Solon of Athens: The Man, the Myth, the Tyrant?

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Doctor of Philosophy (PhD)
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Ancient History
Agrarian Reform
Archaic Greece
Ancient History, Greek and Roman through Late Antiquity
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I argue that, despite Solon's reputation as an enemy of tyranny, his approach to solving the political discord in Athens in 594 B.C. very closely resembles the way that archaic Greek tyrants succeeded at dealing with similar problems in other city-states. Because tyrants were often popular figures with widespread support, I suggest that Solon's anxiety to avoid the label of tyrant stemmed from the political unrest and bloodshed that arose from the attempted tyranny of Cylon in 632 BC, followed by the harsh and unsuccessful legislation of Drakon in 621. In the dissertation, I first establish that there are two traditions about Solon's motives and actions, indicated by many contradictions in our sources. In one version, Solon appears as a moderate politician who paved the way for the rise of democracy, in part because of his refusal to become a tyrant. In the other, Solon's actions were at times indistinguishable from those of contemporary tyrants, which later sources explain by referring to Solon's assertions in his own poetry to "prove" that these stories were false. I then analyze Solon's poetry, noting that Solon both linguistically distances himself from the concept of tyranny and emphasizes that he does, in fact, possess autocratic powers. The result is a kind of verbal dance, wherein he reminds people: "I am not, nor do1 I wish to be a tyrant; but I could be, and if I were...." Finally, I examine various tyrants who, like Solon, had reputations as legislators. I consider Solon's agricultural reforms, known as the seisachtheia, concentrating in particular on the abolition of debt-slavery, the cancellation of debt, and Solon's refusal to redistribute land. I find that debt cancellation in particular is one of the most common measures used by tyrants as a means of gathering political support from the demos. I also proffer the notion that doing away with debt-slavery may have done more damage than good, concluding that, despite his protests to the contrary, Solon was a tyrant in all but name.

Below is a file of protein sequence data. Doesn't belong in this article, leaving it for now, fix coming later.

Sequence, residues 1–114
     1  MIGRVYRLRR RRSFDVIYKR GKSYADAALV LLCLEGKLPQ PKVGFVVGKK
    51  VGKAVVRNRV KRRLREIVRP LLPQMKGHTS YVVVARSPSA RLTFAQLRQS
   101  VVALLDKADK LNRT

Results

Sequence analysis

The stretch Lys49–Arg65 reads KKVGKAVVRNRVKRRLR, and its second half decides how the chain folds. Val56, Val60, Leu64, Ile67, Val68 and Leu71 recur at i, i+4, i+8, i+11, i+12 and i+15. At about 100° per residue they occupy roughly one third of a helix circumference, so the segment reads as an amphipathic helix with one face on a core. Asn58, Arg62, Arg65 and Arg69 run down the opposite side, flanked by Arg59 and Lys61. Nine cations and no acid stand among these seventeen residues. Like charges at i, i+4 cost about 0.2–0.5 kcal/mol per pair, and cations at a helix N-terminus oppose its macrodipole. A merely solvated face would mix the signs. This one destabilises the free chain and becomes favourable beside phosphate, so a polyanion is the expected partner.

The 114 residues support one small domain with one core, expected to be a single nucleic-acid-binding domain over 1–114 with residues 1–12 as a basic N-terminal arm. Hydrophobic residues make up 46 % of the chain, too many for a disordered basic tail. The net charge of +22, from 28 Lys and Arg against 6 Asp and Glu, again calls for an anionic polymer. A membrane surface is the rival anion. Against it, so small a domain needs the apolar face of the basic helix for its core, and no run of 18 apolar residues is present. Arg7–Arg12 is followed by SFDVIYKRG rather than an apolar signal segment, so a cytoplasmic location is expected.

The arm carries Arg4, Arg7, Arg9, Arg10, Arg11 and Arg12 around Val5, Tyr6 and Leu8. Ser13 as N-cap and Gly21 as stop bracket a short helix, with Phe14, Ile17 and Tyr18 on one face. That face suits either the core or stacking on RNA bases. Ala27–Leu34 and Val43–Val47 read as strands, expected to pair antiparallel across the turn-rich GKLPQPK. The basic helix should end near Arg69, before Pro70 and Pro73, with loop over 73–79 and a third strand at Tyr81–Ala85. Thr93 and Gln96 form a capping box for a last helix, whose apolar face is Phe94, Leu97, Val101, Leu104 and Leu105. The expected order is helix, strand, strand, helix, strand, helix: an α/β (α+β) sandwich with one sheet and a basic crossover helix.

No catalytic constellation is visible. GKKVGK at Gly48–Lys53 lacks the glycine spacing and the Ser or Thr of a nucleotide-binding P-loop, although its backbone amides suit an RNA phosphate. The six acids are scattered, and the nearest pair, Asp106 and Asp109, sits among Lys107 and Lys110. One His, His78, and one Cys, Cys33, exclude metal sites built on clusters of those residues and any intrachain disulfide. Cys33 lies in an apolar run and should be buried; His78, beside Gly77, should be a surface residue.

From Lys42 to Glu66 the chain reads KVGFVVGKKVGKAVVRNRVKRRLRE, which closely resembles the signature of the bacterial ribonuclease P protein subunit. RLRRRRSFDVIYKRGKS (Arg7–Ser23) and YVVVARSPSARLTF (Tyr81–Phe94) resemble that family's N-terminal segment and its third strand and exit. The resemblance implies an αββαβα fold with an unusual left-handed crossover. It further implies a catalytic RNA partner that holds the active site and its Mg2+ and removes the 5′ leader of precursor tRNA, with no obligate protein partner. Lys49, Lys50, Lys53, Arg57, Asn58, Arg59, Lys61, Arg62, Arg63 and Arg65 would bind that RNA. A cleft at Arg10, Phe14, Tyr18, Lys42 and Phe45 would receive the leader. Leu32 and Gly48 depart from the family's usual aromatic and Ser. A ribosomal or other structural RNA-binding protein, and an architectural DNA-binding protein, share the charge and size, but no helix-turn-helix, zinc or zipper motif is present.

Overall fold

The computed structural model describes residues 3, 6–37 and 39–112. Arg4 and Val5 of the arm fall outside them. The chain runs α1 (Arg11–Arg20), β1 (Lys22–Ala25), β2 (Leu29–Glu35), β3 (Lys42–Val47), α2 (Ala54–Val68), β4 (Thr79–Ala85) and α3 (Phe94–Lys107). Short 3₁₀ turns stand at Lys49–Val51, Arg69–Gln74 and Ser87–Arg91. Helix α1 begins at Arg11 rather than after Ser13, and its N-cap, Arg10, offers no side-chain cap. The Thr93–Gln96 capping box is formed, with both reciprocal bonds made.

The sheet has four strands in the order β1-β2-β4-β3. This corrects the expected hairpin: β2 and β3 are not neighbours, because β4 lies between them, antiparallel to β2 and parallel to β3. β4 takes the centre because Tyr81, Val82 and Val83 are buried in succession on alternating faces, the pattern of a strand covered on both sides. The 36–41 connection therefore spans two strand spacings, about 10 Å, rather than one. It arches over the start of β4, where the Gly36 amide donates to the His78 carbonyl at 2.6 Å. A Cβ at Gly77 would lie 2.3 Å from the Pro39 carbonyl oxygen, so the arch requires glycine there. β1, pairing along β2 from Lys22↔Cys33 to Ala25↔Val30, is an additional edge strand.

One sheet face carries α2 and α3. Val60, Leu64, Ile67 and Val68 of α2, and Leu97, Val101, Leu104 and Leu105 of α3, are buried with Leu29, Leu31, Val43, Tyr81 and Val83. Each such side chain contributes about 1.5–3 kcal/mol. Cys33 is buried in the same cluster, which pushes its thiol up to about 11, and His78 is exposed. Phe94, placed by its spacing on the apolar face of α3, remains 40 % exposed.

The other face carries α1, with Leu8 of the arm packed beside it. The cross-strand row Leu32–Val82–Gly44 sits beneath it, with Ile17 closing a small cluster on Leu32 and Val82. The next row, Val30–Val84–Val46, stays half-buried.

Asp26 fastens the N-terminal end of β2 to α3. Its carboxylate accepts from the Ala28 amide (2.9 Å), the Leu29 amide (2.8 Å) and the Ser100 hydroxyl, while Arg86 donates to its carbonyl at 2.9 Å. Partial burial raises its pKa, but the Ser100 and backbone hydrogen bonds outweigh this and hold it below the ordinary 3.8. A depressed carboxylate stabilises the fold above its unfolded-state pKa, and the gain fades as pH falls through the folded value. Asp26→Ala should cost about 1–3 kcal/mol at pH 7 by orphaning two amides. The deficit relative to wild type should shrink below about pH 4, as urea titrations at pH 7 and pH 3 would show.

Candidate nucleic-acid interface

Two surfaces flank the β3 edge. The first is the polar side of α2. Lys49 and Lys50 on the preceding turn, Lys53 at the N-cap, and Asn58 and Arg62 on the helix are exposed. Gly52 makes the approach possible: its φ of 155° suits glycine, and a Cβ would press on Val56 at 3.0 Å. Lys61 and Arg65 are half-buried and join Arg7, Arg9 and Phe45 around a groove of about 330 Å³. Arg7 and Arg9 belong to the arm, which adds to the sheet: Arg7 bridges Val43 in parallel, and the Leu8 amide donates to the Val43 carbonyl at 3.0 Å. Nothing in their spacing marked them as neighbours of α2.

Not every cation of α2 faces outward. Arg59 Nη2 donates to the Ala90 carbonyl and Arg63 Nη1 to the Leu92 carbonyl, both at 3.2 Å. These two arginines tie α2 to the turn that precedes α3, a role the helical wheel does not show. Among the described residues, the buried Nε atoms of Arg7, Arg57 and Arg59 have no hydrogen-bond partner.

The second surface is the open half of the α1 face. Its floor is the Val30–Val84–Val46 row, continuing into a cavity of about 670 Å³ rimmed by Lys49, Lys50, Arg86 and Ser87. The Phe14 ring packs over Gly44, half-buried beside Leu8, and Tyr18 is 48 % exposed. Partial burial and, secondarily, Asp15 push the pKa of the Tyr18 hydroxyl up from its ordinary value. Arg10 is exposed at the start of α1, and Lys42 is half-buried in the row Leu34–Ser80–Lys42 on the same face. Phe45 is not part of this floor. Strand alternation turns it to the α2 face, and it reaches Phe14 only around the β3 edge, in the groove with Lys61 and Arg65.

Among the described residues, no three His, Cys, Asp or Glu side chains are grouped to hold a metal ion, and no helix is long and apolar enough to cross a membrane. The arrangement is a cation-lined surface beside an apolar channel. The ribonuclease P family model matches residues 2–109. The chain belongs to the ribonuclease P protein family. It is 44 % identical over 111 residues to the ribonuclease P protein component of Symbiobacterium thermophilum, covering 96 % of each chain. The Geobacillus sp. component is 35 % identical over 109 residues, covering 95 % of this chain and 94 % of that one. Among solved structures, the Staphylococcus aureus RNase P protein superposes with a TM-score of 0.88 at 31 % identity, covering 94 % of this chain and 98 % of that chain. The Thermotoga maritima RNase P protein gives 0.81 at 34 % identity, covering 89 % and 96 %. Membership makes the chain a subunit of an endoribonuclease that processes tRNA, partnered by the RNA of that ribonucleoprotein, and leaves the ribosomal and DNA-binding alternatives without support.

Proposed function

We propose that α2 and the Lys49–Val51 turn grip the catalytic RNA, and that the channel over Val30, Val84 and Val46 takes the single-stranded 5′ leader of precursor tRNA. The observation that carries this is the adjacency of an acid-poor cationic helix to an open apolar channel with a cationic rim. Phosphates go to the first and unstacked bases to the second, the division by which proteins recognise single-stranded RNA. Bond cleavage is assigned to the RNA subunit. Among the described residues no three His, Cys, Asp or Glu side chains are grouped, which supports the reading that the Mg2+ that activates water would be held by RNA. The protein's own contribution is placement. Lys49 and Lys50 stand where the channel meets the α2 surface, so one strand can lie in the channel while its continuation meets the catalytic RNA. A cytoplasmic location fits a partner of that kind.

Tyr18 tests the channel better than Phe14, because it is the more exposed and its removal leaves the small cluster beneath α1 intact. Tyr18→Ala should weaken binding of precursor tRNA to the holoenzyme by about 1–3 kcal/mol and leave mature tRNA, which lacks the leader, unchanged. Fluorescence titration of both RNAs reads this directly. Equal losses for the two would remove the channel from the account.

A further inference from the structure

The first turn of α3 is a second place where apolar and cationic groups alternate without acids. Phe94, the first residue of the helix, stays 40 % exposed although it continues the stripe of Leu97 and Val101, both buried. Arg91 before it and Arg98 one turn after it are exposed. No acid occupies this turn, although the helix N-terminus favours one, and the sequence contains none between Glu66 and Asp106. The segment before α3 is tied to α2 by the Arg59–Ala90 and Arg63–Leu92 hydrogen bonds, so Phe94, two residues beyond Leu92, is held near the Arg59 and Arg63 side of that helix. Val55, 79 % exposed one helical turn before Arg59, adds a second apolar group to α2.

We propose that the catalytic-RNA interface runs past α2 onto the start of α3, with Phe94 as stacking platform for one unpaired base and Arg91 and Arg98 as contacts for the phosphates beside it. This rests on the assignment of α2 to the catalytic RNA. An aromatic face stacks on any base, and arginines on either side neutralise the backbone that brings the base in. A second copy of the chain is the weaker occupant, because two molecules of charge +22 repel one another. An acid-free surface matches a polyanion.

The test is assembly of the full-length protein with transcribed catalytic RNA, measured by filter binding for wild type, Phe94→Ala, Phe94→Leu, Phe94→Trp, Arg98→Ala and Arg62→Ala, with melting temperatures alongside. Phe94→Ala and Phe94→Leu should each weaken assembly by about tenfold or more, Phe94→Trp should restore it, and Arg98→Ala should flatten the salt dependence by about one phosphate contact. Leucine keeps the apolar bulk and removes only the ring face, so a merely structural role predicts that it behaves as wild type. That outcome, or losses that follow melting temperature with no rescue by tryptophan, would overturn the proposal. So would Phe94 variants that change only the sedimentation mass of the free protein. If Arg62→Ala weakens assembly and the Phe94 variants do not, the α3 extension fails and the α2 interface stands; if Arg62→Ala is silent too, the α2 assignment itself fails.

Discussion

Jeremy McInerney
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